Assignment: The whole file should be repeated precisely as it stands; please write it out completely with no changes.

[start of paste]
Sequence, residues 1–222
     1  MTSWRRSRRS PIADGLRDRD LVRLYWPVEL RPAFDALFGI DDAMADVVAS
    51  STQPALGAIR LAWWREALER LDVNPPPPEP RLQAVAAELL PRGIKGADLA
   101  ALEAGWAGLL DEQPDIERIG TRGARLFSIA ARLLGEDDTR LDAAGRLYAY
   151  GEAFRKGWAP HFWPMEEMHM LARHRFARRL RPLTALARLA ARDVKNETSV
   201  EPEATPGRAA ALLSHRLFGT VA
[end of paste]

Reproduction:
Sequence, residues 1–222
     1  MTSWRRSRRS PIADGLRDRD LVRLYWPVEL RPAFDALFGI DDAMADVVAS
    51  STQPALGAIR LAWWREALER LDVNPPPPEP RLQAVAAELL PRGIKGADLA
   101  ALEAGWAGLL DEQPDIERIG TRGARLFSIA ARLLGEDDTR LDAAGRLYAY
   151  GEAFRKGWAP HFWPMEEMHM LARHRFARRL RPLTALARLA ARDVKNETSV
   201  EPEATPGRAA ALLSHRLFGT VA